5 decisions the Commanders might regret after 2024 NFL Draft

Not every decision will work out...
Adam Peters
Adam Peters / Trevor Ruszkowski-USA TODAY Sports
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Adam Peters did an outstanding job running his first NFL Draft with the Washington Commanders. This roster had a lot of holes, and if he didn’t patch all of them, he went a long way toward restocking with young, talented, and productive football players. Many of these guys should be cornerstones for the rebuilt franchise.

Still, he no doubt made some mistakes. Every general manager makes mistakes. Often, they make a lot of mistakes. The problem is that none of us know what those are. They only reveal themselves over the years.

We’re going to look at five draft day decisions that could come back to haunt the Commanders over time. But I’ll say right up front that I only disagree with one of the decisions Peters made. There is another about which I am iffy. That means that I was right there with him on three of these calls, even though they are admittedly risky and may not pan out.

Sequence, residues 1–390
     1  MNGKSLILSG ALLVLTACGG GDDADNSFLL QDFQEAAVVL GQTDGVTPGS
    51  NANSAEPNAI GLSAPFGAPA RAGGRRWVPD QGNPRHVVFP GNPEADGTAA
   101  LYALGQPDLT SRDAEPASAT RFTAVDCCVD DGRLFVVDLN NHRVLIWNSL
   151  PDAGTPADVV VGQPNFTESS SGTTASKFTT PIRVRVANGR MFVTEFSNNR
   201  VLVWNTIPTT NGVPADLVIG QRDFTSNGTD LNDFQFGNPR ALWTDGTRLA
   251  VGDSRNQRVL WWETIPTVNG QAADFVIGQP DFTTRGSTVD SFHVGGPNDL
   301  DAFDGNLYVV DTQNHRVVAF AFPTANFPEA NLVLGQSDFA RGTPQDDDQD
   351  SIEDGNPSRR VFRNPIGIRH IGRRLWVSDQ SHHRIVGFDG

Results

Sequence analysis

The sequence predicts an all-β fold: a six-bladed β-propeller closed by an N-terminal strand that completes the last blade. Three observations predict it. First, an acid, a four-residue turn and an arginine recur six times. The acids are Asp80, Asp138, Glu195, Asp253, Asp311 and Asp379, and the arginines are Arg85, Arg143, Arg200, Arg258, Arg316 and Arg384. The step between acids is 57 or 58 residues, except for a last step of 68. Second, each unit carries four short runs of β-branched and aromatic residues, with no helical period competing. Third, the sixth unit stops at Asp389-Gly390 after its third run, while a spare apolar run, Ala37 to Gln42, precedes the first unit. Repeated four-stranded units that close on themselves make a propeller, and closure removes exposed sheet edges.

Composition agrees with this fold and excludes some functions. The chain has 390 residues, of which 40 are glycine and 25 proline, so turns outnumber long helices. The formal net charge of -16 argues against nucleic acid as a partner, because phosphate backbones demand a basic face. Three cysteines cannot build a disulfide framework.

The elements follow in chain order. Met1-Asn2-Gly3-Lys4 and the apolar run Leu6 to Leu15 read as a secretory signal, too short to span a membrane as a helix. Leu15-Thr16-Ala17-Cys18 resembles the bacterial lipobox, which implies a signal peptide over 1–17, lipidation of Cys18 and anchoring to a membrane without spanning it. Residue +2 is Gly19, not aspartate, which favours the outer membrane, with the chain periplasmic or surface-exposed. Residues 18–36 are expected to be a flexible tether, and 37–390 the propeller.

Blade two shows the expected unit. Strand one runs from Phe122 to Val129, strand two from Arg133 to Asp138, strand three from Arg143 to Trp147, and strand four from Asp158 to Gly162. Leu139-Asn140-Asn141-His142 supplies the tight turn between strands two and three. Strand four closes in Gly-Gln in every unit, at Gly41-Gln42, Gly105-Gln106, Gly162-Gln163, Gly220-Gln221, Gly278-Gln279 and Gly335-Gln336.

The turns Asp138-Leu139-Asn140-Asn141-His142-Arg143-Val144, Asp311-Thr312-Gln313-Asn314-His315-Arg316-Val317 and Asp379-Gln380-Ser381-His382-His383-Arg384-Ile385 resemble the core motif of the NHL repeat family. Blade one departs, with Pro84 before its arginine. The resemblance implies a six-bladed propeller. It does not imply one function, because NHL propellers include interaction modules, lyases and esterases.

That’s the beauty of the draft. From professional general managers to casual fans, we all think we are experts. And most of us, including those holding front office leadershippositions, are wrong an awful lot of the time.

Let's get to it.

Commanders chose a DT when excellent CBs were available

Johnny Newton - who the Washington Commanders selected early in the second round - will be an excellent defensive lineman who can fill multiple roles on defense. But this unit is in desperate need of a boundary cornerback and several very good prospects, including Kool-Aid McKinstry and Kamari Lassiter, were on the board at the time.

This is a classic coin flip. If Newton stuffs Jalen Hurts on a 4th-and-1 at the end of a game with the Philadelphia Eagles next year, we will all love this pick. If A.J. Brown cruises past Emmanuel Forbes on the way to a game-winning touchdown, we will all be punching the wall and saying the Commanders should have gone in a different direction.

It's a fine line.